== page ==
I won’t review all of NASEM’s public policy recommendations, but some have implications for WC, including:

  • Improved reporting and data collection. This has to include WC if it’s going to be complete.
  • A call for insurers to reimburse for comprehensive pain management, including interdisciplinary approaches. Many in WC do, but it has to get better.
  • Better patient and public education about opioids. Again, a role for WC here beginning at the first emergency department or occupational medicine clinic visit.
  • Expanded treatment for opioid use disorder. There are cost implications for employers here, but it’s the right thing to do.

Meanwhile, the President’s Commission mostly agrees, and provides some of the same recommendations. Unfortunately, there are some thorny political problems with that emergency declaration (which I agree with) – it’s difficult to reconcile recommendations to “rapidly increase treatment capacity” and expand benefits for substance abuse treatment with cuts to Medicaid.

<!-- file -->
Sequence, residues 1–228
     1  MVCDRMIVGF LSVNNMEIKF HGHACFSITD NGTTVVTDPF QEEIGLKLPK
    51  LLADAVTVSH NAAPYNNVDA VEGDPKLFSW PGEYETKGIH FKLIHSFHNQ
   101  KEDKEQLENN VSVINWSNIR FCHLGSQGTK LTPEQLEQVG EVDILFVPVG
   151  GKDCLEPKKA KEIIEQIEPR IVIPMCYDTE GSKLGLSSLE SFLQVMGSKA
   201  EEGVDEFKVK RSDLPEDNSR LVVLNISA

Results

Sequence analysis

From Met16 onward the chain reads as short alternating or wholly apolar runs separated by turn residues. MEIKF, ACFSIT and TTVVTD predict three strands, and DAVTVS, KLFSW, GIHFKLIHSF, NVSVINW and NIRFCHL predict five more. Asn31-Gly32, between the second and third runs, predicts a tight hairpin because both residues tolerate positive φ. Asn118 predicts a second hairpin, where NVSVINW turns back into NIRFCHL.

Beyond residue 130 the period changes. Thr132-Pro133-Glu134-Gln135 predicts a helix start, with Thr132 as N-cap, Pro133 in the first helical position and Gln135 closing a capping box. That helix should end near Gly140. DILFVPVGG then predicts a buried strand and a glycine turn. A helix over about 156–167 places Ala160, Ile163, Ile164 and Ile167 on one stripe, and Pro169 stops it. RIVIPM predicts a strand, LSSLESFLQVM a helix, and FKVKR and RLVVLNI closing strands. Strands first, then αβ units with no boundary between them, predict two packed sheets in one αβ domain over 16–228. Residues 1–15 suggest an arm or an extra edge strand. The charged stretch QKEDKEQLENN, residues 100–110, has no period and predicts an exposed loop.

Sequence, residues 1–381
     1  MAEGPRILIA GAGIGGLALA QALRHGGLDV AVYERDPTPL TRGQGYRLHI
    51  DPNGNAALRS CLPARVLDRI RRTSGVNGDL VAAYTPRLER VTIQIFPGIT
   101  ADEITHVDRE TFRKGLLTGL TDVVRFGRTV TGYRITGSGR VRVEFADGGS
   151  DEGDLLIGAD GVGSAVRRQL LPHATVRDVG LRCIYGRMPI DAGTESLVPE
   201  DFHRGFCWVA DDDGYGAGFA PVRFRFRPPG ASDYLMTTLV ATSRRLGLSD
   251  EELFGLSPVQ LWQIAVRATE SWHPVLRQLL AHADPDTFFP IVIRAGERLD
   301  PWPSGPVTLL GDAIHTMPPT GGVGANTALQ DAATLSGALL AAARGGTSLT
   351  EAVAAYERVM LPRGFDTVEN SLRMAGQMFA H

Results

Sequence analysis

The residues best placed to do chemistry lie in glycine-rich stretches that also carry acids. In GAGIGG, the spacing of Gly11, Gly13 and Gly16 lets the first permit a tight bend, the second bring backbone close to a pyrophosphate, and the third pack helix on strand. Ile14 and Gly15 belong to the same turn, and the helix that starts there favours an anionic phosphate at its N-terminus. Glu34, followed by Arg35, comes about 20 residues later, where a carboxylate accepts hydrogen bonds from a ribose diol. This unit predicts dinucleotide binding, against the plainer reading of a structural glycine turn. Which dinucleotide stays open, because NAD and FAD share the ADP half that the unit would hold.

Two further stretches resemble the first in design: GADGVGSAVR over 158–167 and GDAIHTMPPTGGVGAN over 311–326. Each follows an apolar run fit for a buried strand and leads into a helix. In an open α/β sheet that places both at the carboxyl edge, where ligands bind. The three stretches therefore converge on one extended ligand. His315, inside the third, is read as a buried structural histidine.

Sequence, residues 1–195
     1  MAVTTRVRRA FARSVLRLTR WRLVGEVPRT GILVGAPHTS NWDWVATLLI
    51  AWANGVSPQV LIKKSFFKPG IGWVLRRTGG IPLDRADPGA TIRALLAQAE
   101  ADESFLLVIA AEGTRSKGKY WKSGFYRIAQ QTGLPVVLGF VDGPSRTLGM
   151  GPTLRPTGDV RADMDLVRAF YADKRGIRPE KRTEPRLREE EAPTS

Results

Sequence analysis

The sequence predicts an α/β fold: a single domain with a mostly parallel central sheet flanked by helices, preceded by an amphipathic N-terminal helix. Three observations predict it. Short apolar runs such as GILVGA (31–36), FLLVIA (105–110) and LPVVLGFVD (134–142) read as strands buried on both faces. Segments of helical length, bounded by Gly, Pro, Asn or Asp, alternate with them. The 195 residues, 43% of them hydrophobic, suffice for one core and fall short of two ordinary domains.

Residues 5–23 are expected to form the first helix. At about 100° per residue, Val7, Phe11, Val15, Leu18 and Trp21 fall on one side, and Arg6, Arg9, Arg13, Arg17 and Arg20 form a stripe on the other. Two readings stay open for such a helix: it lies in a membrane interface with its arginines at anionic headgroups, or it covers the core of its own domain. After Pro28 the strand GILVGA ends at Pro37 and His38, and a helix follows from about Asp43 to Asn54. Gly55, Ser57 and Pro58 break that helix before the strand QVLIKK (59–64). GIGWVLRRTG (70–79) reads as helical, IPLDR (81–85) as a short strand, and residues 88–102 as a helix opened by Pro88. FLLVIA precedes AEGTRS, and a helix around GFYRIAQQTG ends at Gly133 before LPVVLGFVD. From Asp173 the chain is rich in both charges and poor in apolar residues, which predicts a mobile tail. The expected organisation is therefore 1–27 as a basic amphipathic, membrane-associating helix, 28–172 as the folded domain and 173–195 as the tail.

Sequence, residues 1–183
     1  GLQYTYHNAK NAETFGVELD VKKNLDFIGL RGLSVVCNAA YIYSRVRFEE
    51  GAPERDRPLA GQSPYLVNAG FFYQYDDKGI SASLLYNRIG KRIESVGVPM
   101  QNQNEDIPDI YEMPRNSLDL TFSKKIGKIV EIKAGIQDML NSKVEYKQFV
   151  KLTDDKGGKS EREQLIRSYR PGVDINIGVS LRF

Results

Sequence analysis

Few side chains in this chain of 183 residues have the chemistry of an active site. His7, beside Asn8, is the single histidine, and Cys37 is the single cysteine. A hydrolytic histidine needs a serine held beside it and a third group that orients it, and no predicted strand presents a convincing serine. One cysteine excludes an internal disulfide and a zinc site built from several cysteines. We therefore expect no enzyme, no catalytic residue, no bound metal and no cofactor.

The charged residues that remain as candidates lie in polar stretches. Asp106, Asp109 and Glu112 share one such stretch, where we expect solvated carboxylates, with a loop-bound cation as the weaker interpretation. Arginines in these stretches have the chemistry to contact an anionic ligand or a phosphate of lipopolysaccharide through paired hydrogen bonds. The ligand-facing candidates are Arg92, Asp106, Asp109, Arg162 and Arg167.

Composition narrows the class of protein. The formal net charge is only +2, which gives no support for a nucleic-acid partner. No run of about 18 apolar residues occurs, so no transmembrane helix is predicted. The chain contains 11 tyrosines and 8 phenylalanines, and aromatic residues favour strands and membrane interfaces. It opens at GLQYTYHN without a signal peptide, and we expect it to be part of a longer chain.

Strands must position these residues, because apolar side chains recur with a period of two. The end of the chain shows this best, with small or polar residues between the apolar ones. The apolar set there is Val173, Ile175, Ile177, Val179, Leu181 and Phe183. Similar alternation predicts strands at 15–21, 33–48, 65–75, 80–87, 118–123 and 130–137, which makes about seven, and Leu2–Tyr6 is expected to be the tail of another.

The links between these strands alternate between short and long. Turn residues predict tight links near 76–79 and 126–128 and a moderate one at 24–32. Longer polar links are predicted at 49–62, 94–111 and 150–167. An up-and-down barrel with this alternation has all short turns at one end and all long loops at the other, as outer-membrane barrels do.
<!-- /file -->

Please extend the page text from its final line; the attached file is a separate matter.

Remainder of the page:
The NASEM is the meatier of the two, is better thought through and overall is one of the most comprehensive public policy documents I’ve read in a while. Take a few minutes to look at the slides, they are a good summary of the recommendations. Where do they touch your organization?

Let’s not just hope that the NASEM report makes a difference, but do what we can to ensure it.

David Deitz, MD, PhD is principal of David Deitz & Associates, a healthcare consulting firm based in Massachusetts.

 

California’s work comp formulary

California’s work comp pharmacy formulary process is moving ahead, but I have grave concerns in two areas – timing and cost.  (these are my personal concerns and are not intended to represent the views of CompPharma, LLC.)

First, timing.

The rules writing process is ongoing, while the formulary is slated to be implemented January 1, 2018.